If you have eaten a steak or a hamburger this week, it likely was produced under quality- and safety-control systems either initiated or implemented by Dell Allen, a former Kansas State University professor who retired in 2009 as vice president of quality assurance and safety for Cargill Meat Solutions. At Cargill, he was recognized as a food-safety pioneer, overseeing the development and implementation of numerous food-safety technologies that benefited not just Cargill but ultimately the entire meat industry.

Many of Allen’s colleagues call him a “giant” in the meat industry for his influence on students and his contributions to the modern meat industry. It was for his lifetime of achievements and his contributions to the livestock industries that Allen was recognized as Kansas Stockman of the Year by the Livestock and Meat Industry Council at K-State at a banquet in his honor. “I am honored and humbled to be recognized by this group,” Allen told the 250 people attending the event in Manhattan, Kan., earlier this year. He says he treasured his time at Kansas State and the many faculty and students he worked with over the years. He also recognized the contributions and support from his wife Joyce, whom he met while as a graduate student at Michigan State University.

Raised on a livestock and crop farm in southeast Kansas, Allen did not stray far from his roots when he headed to K-State, earning a BS in animal science in 1961. He continued his education at the University of Idaho, earning an MS in 1963 and a PhD in meat science from Michigan State University in 1966. He immediately returned to K-State where he directed the meat laboratory. From 1967 to 1979 he coached the meats judging team, winning two national championships. “I loved working with students,” Allen says. “Many of those kids from our judging teams went on to become leaders in the livestock industries and have had a significant impact on our food supply.”

Despite a busy teaching and coaching schedule while at K-State, Allen also led a research project that ultimately changed how beef carcasses are graded in America’s packing plants. As a result of having done a nationwide GAO survey on the accuracy and uniformity of the application of beef grades in 1977 and 78 and observing the error rates of application, Allen and Don Lenhert of the KSU electrical engineering department initiated a research project to develop the first prototype of a video image analysis instrument for grading beef carcass yield and quality grades. This initial project was funded by the KSU Livestock and Meat Industry Council.

Allen departed K-State in 1988 to join Excell Corporation in Wichita, Kan., later renamed Cargill Meat Solutions. As vice president of technical services and food safety, Allen was responsible for the company’s food-safety and quality standards for 20 plants and over 25,000 employees.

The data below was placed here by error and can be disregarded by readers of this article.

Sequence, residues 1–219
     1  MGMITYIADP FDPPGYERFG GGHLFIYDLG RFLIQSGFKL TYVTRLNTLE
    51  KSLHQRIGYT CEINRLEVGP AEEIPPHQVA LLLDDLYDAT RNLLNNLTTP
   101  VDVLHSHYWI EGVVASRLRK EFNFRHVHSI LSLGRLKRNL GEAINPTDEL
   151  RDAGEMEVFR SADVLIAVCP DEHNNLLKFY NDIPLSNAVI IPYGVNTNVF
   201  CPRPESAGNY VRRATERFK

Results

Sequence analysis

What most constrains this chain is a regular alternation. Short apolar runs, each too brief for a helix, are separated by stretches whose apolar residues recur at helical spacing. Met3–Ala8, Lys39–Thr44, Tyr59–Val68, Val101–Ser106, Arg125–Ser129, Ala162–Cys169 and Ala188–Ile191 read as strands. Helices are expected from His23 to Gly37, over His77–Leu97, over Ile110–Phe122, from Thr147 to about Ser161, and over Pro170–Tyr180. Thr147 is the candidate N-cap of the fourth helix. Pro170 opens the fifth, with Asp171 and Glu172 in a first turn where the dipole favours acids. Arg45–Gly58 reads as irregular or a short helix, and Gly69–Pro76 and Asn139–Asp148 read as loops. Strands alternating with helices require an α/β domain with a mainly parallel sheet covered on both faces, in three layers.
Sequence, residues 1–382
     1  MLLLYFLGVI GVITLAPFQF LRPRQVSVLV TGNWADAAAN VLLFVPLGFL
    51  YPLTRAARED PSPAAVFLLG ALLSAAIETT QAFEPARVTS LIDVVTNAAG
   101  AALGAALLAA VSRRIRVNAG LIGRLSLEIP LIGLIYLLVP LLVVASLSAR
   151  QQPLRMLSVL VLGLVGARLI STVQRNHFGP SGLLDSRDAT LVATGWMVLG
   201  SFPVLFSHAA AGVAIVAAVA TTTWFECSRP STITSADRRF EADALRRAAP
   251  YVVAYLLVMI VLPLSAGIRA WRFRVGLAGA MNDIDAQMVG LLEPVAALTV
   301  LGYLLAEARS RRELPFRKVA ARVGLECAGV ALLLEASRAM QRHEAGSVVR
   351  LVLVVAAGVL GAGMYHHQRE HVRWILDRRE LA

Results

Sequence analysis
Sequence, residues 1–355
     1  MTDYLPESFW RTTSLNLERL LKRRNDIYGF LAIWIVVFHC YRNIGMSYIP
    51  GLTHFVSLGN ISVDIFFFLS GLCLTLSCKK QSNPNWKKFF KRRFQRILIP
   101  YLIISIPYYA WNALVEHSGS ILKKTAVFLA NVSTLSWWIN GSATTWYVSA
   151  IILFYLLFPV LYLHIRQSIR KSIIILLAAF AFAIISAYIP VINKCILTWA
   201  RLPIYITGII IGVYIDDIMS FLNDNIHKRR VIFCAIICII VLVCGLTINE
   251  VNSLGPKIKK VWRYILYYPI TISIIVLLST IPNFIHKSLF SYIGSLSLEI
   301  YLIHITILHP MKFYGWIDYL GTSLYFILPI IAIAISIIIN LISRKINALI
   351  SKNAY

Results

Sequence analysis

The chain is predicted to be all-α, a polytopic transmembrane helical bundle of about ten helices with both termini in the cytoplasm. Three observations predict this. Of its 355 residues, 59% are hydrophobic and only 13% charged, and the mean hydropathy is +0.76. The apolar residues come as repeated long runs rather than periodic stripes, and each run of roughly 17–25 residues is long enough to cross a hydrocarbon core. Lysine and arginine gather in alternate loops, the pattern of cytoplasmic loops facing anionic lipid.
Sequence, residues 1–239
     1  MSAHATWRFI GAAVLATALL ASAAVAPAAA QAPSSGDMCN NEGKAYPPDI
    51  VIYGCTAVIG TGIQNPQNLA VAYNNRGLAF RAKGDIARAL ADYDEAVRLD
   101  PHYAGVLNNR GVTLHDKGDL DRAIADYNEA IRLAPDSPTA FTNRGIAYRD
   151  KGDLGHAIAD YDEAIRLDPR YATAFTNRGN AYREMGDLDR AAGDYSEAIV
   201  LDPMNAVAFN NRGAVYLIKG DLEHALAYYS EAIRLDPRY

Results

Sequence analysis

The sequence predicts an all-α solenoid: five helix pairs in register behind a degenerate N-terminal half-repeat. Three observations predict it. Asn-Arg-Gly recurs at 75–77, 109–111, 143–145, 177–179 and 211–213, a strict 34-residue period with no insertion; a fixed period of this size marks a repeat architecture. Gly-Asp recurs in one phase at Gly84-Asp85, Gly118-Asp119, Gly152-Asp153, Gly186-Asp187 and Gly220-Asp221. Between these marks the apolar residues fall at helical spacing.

His leadership in food-safety issues, including serving on the USDA’s Meat and Poultry Advisory Committee and the industry-sponsored Beef Industry Food Safety Council, helped put Cargill Meat Solutions in the forefront of systems to improve food safety.

Former president of Certified Angus Beef Jim Riemann, who worked with Allen while he was at K-State and Cargill Meat Solutions, says, “Students were challenged and held accountable on commitments made in and out of the classroom. He was a constant source of encouragement.”

While at Cargill, Allen was responsible for coordinating the Total Quality Management program and other company training programs, as well as quality assurance for beef and pork. In the early 1990s, he led the adoption of hazard analysis and critical control point, a systematic preventative approach to food safety, long before it was a federal mandate.

His leader ship in food- safety research and technology made a real and measurable difference in reducing microbial pathogens in the meat industry, according to the American Meat Institute.

“Dell introduced, taught and promoted statistical process control to all management levels of Cargill’s fresh meat businesses with the goal of having superior product consistency,” Riemann says. “He succeeded.”

Allen’s leadership in food-safety issues, including serving on many commit tees throughout the beef industry, put argil in the forefront of systems to improve food safety which has been beneficial for consumers, the cattle industry and the meat industry. Allen was able to use his academic background and experience in teaching and research to be highly successful with Cargill. “He could inter-relate science with real livestock and meat-industry problems and challenges,” says former Kansas State food science professor Michael Dikeman. “He could ‘cut through the chaff ’ and focus on the important issues.”

Overall, Allen has been essential to the present s tat e of the meat industry and ha s taught many students that now help run it. Riemann says Allen trained and influenced a great number of industry professionals. “They are found at local, state and national levels in a wide range of agricultural organizations and businesses, providing sound judgment and excel lent leadership.”